The best advice for anyone during hurricane season is to plan ahead. Go ahead and know exactly what you're going to do before the season even starts. Make a plan and stick to it.
So, boaters, this is especially true for you, because you've got even more to plan for.
The family boat is one of the biggest investments of your time and money. Depending on how much work you've put into yours, it may actually be more emotionally valuable than any other possession.
And that makes sense considering where we live. The First Coast is a boater's paradise.
First things first: Before the season even starts, make sure your boat insurance is up to date. I know that seems like a no-brainer, and everyone should have insurance if they're a boat owner, but just double-check to make sure your coverage is adequate.
If you keep your boat at a marina, whether at a slip or in dry storage, timing will be everything. Think about how busy the harbor master is going to be trying to get boats out of the water and into storage when an evacuation order is issued.
So, take a look at the First Coast News forecast cone of concern several days out. Plan ahead of the evacuation order, and get your boat out first. Even if the storm makes a turn and avoids our coast line, you can always hit the boat ramp and drop her back in the water the next day. And that will give you a chance to show off your awesome trailer backing skills.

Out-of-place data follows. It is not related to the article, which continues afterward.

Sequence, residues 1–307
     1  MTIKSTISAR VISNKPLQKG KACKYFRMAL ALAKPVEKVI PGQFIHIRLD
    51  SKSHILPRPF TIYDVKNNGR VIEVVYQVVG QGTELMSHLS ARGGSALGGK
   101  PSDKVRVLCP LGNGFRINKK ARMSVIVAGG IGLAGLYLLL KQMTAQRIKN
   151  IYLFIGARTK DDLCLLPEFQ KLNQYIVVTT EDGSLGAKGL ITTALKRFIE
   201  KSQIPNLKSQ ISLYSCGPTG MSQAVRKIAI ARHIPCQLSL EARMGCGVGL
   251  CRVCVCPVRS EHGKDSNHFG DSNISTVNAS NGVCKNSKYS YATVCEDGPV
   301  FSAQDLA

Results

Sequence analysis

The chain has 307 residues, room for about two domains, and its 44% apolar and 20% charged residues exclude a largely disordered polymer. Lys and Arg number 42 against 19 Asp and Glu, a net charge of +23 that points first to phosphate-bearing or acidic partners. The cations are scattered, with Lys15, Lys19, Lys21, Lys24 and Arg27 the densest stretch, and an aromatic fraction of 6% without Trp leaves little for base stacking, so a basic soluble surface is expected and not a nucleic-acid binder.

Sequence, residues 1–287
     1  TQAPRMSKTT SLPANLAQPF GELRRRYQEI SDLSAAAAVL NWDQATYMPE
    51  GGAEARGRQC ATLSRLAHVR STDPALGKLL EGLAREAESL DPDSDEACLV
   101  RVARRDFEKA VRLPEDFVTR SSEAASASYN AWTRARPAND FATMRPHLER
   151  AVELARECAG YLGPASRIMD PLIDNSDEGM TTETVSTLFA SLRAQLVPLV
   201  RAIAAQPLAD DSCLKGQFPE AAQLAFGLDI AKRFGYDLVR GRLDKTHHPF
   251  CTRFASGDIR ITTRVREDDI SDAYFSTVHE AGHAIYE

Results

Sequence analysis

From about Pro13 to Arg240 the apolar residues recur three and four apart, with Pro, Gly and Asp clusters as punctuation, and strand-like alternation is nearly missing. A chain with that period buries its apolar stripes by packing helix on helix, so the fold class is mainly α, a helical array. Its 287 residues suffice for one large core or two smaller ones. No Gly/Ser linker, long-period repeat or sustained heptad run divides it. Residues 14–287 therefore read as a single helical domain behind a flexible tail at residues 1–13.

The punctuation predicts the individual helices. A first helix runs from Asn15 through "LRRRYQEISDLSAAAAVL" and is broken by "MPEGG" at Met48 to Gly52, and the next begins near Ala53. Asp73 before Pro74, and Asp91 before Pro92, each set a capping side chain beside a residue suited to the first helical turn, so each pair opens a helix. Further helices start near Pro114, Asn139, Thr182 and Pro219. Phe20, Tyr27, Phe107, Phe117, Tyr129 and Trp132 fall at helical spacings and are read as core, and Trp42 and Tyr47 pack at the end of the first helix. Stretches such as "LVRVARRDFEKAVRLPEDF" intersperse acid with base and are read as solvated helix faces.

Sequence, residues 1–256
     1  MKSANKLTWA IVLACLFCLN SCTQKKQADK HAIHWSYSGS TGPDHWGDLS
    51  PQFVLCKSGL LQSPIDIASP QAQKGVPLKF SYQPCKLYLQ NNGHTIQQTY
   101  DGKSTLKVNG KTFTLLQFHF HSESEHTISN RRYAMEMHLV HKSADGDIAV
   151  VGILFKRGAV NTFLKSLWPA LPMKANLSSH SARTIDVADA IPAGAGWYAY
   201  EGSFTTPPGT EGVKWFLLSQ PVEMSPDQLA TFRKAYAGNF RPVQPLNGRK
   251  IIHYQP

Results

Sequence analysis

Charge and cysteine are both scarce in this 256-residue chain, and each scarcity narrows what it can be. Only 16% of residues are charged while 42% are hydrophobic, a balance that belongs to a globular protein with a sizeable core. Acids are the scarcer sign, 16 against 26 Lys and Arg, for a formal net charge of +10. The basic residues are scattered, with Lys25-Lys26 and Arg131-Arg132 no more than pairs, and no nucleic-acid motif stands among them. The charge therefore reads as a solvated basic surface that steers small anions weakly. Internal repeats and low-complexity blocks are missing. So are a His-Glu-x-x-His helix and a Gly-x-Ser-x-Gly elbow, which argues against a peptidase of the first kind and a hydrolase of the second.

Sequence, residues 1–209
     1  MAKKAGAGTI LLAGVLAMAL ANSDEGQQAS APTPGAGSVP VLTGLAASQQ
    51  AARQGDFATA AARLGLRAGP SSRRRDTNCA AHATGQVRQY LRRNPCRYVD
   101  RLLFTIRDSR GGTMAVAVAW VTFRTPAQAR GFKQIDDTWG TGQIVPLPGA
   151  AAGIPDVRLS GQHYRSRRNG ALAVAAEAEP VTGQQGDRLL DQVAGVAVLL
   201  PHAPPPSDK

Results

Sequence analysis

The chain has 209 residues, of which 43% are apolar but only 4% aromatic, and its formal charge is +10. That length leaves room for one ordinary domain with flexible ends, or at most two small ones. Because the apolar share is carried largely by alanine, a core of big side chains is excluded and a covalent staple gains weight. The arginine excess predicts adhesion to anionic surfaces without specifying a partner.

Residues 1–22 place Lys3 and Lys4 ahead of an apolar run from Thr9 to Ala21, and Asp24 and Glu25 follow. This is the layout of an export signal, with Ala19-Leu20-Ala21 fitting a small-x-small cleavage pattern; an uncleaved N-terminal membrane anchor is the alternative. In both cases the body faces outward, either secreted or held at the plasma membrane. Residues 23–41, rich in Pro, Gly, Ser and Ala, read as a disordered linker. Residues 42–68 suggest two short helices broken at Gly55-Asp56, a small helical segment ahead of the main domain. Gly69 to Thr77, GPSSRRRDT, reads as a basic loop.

If a storm seems imminent, make sure you have an evacuation spot that will take your boat and trailer.
However, there are some boats that simply can't be towed.
The best move would be to get that boat out of the water and above the potential storm surge line. Talk to a local dry storage facility and work out a deal. Make sure they keep your vessel as high as possible, because once your boat gets caught in a storm surge, it will be a goner and a projectile.
Keep in mind, your first priority is getting your boat out of the water. According to BoatUS, even boats that are knocked off jacks by wind or storm surge sustain less damage than boats kept in the water.
Finally, if your boat absolutely must stay in the water, moor it in a well-protected but un-populated area. Avoid the mooring areas outside marinas. Instead, find a protected cove in the marsh. Chances are, with a large surge, the anchor line is going to snap, but at least your boat won't be damaged by other boats in crowds outside a marina. Plus, the boat may become nestled in the marsh mud, which would be the least of all the potential evils.
If you're keeping it in the water, BoatUS also suggests using a helix anchor. This type of anchor has much more holding power than a dead weight anchor, as it literally augers itself into the riverbed.
First Coast News